"Some webmasters took PageRank as a yardstick rather than the quality of the content," said McGaffin. I'd bet that these were inexperienced yet vocal participants posting to search engine forums. Knowledgeable webmasters realize that PageRank is just one component of Google's ranking algorithm, and that the reported value on the Google Toolbar is often virtually meaningless.
Despite these criticisms, the strategy of gaining top positioning through linking appears to be working. Of course, there's more to the story than a site simply getting links. The site was designed by search engine optimization professionals, so it's search engine friendly from the get-go -- though not overly optimized. Just competent blocking and tackling.
A far more important factor that has led to the success of the linking strategy appears to be the high-quality content offered in the free 33 page linking strategy report. More than 1,000 copies of the report have been downloaded, according to McGaffin.
It's clear that many of the links to LinkingMatters.com have resulted not only from people linking to quality content, but as a way of saying "thank-you" for the report. For those of you trying to improve your link popularity, this is a useful lesson: consider offering something of value like this report, rather than simply asking for reciprocal links.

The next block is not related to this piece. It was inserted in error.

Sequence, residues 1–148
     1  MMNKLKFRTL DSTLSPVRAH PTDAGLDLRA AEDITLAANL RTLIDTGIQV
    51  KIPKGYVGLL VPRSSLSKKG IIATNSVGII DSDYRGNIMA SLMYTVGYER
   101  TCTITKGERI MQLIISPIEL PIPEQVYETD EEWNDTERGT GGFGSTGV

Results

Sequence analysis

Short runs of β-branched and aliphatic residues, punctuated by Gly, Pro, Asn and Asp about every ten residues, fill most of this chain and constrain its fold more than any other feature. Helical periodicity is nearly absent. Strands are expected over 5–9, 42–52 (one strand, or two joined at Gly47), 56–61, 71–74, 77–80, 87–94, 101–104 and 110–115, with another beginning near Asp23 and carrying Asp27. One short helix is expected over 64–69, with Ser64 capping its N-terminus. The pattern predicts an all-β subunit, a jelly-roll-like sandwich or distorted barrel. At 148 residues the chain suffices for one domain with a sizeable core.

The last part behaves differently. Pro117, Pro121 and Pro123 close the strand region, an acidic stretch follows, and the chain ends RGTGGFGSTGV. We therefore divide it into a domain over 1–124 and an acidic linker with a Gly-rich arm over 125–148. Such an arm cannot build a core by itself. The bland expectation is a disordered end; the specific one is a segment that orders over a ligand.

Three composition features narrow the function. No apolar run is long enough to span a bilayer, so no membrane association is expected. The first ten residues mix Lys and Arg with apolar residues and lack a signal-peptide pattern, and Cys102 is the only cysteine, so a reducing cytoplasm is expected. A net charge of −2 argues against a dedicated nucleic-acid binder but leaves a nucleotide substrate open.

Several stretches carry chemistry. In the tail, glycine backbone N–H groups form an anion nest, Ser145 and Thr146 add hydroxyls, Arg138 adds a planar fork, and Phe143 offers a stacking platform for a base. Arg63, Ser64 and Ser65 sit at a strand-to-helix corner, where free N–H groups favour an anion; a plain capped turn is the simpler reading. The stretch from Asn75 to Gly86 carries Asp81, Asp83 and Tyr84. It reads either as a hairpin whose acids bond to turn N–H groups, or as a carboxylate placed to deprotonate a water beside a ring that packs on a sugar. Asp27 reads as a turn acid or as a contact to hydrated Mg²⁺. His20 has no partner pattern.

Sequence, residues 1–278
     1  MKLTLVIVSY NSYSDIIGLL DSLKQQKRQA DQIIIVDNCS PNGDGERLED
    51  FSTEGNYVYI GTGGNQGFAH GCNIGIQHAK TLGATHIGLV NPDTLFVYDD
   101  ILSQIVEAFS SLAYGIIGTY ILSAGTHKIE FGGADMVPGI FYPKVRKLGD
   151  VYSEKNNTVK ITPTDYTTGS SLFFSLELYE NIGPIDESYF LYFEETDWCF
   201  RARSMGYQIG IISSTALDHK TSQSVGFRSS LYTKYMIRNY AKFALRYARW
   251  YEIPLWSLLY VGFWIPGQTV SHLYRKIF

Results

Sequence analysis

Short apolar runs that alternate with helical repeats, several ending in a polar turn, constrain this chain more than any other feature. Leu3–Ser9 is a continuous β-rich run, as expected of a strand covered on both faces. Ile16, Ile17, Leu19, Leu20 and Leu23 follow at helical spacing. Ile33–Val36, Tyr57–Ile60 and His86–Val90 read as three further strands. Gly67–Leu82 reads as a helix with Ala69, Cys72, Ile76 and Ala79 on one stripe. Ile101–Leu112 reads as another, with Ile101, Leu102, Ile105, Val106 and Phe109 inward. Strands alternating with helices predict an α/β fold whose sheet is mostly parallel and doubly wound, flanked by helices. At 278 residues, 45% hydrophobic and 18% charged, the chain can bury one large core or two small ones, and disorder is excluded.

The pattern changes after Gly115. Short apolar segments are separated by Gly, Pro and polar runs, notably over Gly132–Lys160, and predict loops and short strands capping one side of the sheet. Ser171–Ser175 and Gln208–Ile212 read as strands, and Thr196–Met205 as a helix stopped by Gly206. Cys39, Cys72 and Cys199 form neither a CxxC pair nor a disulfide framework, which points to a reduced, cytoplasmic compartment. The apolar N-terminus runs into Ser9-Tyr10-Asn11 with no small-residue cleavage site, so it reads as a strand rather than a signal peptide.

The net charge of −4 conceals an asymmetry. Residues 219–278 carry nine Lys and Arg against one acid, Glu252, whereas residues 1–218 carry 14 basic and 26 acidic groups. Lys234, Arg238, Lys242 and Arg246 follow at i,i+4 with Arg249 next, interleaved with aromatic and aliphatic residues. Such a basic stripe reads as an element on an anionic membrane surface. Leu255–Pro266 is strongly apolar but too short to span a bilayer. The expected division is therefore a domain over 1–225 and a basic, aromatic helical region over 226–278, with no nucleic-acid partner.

McGaffin is also quite willing to share other lessons learned from the experiment. He says:
"A linking strategy is an excellent way for a new site to appear early in search engines –- we appeared in Google just 3 days after our linking strategy launched. The process of researching potential target links is in itself very useful research and gives a great overview of any industry. It is also a great way of making contact with a lot of influential people."
What about paid listings, or paid inclusion programs? Many search engine optimization professionals have all but abandoned "organic" techniques, and rely solely on these paid options to drive traffic to their sites.
"We decided not to pay for a listing in Yahoo, express inclusion on AltaVista or any other type of paid-for listing," says McGaffin.